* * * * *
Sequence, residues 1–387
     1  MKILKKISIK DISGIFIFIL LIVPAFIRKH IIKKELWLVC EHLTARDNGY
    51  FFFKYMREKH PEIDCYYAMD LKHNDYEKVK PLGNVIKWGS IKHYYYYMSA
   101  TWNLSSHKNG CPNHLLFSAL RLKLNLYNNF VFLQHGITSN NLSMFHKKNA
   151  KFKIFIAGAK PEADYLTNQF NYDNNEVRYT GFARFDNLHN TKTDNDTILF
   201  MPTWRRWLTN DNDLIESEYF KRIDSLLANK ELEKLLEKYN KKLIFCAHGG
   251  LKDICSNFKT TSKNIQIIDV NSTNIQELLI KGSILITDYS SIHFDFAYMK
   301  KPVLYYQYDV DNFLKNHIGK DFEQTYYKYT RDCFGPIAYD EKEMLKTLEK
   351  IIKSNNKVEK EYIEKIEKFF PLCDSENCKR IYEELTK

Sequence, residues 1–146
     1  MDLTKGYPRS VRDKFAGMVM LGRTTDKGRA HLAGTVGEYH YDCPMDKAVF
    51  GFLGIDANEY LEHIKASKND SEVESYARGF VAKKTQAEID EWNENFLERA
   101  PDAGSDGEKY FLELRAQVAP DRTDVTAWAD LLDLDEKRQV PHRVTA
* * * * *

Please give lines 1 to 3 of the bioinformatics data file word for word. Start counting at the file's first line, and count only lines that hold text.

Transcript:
Sequence, residues 1–387
     1  MKILKKISIK DISGIFIFIL LIVPAFIRKH IIKKELWLVC EHLTARDNGY
    51  FFFKYMREKH PEIDCYYAMD LKHNDYEKVK PLGNVIKWGS IKHYYYYMSA